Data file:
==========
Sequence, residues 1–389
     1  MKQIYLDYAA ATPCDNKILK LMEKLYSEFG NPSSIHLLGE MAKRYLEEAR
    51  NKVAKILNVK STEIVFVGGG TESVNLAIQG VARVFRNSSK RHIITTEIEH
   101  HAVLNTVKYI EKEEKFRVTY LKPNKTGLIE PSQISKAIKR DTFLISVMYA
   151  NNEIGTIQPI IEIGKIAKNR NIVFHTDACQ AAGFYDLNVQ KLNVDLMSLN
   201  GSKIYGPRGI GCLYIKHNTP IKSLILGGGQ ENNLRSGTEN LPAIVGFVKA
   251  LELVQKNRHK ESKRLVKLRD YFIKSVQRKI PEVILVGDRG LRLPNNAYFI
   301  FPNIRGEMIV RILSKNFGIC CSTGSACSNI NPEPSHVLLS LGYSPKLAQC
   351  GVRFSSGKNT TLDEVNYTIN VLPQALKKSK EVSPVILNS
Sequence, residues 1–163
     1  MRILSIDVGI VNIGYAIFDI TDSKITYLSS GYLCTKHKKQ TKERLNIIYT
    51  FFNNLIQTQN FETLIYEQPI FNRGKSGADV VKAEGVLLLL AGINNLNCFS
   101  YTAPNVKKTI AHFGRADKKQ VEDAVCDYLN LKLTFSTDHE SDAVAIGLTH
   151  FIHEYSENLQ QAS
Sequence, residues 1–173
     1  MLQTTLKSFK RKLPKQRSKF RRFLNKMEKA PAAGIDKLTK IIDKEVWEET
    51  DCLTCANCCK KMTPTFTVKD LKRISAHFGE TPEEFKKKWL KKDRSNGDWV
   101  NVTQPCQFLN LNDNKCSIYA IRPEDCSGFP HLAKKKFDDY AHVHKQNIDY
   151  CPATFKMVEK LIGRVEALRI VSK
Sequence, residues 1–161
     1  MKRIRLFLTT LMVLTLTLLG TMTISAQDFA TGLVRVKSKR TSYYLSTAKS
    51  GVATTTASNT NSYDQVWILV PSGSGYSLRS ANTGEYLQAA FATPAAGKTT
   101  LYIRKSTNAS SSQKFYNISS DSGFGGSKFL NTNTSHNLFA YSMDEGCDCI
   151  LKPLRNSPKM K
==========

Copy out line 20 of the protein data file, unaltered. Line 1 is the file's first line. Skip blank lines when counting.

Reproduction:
Sequence, residues 1–161